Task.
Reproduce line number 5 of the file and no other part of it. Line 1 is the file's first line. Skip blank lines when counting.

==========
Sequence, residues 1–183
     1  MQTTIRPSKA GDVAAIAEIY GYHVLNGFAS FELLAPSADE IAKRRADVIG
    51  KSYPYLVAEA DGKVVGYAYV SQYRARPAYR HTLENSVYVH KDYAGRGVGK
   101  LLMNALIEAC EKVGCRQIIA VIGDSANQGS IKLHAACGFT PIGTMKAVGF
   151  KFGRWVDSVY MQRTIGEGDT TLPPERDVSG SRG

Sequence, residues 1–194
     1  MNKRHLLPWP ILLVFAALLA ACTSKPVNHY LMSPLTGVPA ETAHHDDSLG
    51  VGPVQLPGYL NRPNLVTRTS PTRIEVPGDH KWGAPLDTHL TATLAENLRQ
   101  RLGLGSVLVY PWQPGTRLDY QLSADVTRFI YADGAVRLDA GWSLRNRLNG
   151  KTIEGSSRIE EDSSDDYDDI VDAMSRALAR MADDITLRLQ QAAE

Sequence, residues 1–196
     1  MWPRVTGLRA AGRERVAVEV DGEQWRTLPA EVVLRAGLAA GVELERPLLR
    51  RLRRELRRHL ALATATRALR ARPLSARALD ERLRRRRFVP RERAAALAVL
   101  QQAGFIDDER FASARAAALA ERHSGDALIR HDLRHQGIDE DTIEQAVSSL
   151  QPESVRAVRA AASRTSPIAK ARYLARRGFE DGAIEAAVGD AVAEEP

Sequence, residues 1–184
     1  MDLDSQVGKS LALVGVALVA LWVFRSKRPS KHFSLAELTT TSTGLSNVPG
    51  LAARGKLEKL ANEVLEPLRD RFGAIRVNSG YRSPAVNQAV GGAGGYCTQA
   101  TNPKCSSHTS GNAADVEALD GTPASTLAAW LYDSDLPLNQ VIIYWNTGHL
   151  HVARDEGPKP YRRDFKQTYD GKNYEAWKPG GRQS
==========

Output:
   151  KFGRWVDSVY MQRTIGEGDT TLPPERDVSG SRG